InstallAware also includes an update client, which I sometimes find annoying, but in this case it is very easy to disable and if you want to keep up to date- the interface and options match Windows Update almost exactly so there is no learning curve and configuring it is very simple. Running as a service, it does request a username and password when first configured. If you like it too, you may be happy to hear that this is actually a feature of InstallAware that you can take advantage of in your own setups (at no extra charge).



The MSIcode View

The code is remarkably simple and easy to follow. While you could probably become very familiar with its scripting language, you really don’t need to. There is a list of drag and drop script commands that make the job easy by prompting you with a simple form to fill in the details of the command when you drag it into your project (see list at right).

InstallAware Customization Options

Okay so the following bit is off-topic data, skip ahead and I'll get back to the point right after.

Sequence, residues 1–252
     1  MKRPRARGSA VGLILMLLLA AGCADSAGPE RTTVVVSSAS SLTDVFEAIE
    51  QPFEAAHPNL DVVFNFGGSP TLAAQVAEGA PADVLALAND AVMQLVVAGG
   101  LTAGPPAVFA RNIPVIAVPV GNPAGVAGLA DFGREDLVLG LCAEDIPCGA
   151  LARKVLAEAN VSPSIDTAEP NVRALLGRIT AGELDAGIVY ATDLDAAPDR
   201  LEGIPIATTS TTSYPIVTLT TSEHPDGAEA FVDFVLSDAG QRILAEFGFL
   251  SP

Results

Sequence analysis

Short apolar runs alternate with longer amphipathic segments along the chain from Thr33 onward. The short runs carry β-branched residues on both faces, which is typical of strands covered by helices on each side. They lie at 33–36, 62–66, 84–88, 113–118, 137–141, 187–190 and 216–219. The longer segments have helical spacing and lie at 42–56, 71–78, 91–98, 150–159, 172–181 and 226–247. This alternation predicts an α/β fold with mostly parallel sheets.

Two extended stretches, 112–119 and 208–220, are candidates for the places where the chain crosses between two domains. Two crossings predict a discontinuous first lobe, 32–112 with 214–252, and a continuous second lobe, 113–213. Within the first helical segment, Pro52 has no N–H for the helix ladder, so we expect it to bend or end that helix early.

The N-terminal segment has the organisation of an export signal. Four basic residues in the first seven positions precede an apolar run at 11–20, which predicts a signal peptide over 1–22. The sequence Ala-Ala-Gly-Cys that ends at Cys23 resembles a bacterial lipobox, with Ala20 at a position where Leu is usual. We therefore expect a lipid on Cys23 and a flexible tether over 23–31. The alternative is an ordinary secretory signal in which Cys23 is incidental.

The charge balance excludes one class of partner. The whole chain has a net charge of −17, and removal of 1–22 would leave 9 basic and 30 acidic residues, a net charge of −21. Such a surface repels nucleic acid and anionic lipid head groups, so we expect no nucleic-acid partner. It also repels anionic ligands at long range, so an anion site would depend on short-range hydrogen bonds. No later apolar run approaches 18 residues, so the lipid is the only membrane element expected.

As a result of how InstallAware operates, transforms are not supported. It instead provides other ways to custom install packages in InstallAware. Naturally when we are talking about transforms, we are talking about customizing vendor MSI (after all, if it were a package you created you could manipulate it directly or by customizing variables from the command line). However, if you want to implement the powerful features of InstallAware in all your packages you can: While there are certainly many possibilities, the best is to have your InstallAware package "shell" to a vendor provided setup. This allows your MSI to run the vendor-provided MSI and allows it to run natively as part of a larger setup. This method even natively captures and displays the progress, questions, and errors of the "shelled to" setup. It even suppress the external user interface, to provide a single, "master" install wizard (though you will probably be pushing yours silently). This Un/Install MSI Setup command provides you with full access to the installation command line of the MSI that you are shelling to so you can pass any command-line customization you wish. Of course, the Un/Install MSI Setup command can also maintain/repair an existing installation, as well as remove it. Anything you could pass on the MSI command line, you can pass here.